Foreign embassies in Pyongyang have played down warnings from the North Korean government over their safety in the event of a war.
Yesterday North Korea warned it would not be able to guarantee the safety of embassy staff in case of a war on the peninsula.
The US and South Korean officials have sought to play down fears of a conflict on the Korean peninsula in recent days.
No foreign embassies have announced plans to evacuate, and the UK and Russian embassies have said they have no immediate plans to shut their embassies.
Meanwhile China, traditionally a North Korean ally, has reportedly urged dialogue between North Korea and the international community.
On Saturday Chinese media reported telephone discussions between the Chinese Foreign Minister, Wang Yi, and UN secretary general Ban Ki-Moon.
The talks stressed that dialogue was the only way forward and that “China would not allow any trouble at its door step”.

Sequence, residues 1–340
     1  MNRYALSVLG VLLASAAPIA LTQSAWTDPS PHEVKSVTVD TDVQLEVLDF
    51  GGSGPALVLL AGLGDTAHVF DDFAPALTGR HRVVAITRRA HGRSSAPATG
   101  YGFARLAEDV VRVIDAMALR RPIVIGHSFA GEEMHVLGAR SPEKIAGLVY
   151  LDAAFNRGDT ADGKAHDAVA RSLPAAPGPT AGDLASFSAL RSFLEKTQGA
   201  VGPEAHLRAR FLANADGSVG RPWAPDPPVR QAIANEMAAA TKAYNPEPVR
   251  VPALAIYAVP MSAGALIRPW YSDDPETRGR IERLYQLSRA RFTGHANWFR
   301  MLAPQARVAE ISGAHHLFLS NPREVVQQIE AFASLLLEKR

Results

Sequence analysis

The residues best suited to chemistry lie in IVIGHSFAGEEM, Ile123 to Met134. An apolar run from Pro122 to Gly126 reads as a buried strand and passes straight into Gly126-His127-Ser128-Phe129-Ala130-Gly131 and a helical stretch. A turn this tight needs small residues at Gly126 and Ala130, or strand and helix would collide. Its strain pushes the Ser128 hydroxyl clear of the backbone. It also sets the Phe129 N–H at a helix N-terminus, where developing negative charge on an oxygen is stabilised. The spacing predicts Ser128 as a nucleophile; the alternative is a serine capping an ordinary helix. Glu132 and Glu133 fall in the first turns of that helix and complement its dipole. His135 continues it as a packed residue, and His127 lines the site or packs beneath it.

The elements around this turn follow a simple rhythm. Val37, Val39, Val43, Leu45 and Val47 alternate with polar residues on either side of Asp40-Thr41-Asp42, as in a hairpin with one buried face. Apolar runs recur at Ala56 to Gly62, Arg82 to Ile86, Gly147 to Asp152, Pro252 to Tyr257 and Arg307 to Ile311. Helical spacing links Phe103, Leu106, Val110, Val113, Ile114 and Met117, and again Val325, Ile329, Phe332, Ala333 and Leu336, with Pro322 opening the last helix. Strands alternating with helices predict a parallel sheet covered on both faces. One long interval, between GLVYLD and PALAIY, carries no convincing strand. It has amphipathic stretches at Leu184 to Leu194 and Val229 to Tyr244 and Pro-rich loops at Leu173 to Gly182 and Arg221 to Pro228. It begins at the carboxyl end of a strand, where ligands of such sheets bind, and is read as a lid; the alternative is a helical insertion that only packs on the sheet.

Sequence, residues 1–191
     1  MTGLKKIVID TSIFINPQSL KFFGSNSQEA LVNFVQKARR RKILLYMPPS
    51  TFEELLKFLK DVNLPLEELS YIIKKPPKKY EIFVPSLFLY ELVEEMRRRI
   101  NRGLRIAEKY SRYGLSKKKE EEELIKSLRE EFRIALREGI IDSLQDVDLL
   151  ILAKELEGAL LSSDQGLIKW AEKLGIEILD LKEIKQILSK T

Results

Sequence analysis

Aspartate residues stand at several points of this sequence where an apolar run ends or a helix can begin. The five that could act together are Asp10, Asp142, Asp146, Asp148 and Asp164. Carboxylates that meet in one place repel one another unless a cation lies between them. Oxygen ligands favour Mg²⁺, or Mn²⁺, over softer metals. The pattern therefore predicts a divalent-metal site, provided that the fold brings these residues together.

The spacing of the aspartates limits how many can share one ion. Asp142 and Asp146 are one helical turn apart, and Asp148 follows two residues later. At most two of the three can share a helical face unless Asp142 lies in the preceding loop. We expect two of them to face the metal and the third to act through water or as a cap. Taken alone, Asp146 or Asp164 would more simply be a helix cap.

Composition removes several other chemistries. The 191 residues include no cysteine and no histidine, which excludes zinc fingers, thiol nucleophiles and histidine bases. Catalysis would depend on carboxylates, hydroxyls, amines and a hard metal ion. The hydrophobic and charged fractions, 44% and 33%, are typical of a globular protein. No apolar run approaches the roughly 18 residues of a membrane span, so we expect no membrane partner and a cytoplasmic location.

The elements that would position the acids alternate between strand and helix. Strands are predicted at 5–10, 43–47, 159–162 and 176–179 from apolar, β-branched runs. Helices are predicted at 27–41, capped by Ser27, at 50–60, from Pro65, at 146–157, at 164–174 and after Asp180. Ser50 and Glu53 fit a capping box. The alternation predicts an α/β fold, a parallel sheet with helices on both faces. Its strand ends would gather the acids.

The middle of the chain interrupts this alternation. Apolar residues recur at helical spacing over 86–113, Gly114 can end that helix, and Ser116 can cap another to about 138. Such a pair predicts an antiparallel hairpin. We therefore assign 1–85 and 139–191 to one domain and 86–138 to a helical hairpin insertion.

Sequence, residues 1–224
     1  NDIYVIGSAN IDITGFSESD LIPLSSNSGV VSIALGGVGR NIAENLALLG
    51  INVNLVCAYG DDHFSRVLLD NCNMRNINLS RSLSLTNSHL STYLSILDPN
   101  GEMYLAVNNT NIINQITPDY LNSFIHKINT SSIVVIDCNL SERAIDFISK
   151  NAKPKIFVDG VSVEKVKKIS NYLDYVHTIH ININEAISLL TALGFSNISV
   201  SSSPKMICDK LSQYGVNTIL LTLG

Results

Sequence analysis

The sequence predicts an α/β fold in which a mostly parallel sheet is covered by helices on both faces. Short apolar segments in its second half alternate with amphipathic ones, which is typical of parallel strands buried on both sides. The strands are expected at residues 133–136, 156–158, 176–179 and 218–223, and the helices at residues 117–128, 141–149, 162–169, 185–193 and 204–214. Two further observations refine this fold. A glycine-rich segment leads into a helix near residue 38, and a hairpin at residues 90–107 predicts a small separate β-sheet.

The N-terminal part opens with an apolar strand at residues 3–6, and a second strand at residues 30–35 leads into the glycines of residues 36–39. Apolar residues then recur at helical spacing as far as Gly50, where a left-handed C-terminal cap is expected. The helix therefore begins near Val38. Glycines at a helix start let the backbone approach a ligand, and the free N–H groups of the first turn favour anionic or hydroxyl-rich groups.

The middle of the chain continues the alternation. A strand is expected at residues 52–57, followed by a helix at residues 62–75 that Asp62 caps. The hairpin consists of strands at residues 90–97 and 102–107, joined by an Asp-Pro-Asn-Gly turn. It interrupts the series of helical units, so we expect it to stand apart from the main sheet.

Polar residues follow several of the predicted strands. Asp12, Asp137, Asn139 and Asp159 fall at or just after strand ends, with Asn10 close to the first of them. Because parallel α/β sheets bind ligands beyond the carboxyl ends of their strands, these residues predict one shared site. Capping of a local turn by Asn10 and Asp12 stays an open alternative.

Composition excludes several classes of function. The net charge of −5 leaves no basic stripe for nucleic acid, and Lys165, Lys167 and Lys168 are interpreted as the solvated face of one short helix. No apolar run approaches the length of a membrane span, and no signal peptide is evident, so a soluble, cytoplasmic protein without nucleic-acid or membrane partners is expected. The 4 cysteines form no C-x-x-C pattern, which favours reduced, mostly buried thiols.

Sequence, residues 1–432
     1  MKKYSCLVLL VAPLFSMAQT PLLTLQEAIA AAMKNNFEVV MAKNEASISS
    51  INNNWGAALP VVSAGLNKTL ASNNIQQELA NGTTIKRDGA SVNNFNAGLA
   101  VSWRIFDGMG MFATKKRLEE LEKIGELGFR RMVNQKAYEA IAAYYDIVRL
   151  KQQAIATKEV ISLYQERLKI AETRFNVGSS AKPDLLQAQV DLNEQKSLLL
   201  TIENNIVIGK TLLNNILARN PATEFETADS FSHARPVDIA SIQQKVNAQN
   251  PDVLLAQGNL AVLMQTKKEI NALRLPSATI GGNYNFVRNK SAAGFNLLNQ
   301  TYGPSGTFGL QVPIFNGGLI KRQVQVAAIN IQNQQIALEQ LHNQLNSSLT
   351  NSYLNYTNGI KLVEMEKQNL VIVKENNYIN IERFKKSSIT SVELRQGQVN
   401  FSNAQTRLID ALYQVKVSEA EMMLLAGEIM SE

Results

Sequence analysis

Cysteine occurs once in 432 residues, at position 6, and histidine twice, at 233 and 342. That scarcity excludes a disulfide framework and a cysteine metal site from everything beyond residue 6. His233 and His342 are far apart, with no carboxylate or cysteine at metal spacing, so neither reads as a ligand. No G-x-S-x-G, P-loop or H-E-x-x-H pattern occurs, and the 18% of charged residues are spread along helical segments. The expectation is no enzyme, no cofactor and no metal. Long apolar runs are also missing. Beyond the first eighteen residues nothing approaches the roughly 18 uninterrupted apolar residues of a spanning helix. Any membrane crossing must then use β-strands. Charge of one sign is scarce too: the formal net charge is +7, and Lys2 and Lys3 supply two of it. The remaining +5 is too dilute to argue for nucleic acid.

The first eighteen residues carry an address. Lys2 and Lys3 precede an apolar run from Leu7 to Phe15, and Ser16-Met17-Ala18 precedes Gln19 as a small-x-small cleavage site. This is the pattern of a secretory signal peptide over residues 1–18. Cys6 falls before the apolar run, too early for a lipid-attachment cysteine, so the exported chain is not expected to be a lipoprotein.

US Secretary of State John Kerry, is due to visit China in the coming week, along with South Korea and Japan, where talks are expected to focus on North Korea’s nuclear programme and escalating threats against the US and its allies.
US officials have said they would not be surprised if North Korea launched a missile, and are moving a missile defense system to its Pacific island territory of Guam.
They has also played down fears of an all-out conflict on the Korean peninsula.
North Korea has issued a series of unusually strong threats since it was sanctioned by the UN in March for having carried out a third nuclear test.
It has threatened nuclear strikes on the US, formally declared war on the South, and pledged to reopen a nuclear reactor in defiance of UN Security Council resolutions.
The movement of missiles within North Korea has sparked concern, but it is not clear how well developed its missile technology is.
North Korea has not taken direct military action since 2010, when it shelled a South Korean island and killed four people.